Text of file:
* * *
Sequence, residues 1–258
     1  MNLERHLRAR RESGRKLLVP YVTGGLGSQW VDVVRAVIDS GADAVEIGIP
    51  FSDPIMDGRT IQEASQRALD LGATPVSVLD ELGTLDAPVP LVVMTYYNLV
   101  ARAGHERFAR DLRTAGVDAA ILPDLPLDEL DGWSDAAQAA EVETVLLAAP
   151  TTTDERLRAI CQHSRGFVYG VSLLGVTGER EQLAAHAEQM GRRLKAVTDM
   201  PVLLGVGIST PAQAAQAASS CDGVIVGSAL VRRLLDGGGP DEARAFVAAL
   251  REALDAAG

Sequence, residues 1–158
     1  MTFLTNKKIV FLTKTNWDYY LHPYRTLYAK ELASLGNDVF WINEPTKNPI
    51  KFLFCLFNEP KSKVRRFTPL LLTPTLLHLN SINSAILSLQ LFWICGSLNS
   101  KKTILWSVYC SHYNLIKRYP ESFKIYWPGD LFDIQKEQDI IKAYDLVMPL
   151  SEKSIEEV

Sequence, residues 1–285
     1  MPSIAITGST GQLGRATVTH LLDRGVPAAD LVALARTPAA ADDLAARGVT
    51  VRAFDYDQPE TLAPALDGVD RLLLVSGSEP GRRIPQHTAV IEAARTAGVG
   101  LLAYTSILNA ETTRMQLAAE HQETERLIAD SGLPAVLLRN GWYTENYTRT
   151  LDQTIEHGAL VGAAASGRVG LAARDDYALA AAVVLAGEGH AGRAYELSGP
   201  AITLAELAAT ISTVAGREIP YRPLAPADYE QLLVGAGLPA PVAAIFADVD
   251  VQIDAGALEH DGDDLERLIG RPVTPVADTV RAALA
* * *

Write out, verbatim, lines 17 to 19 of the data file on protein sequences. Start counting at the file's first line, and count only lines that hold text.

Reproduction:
   151  LDQTIEHGAL VGAAASGRVG LAARDDYALA AAVVLAGEGH AGRAYELSGP
   201  AITLAELAAT ISTVAGREIP YRPLAPADYE QLLVGAGLPA PVAAIFADVD
   251  VQIDAGALEH DGDDLERLIG RPVTPVADTV RAALA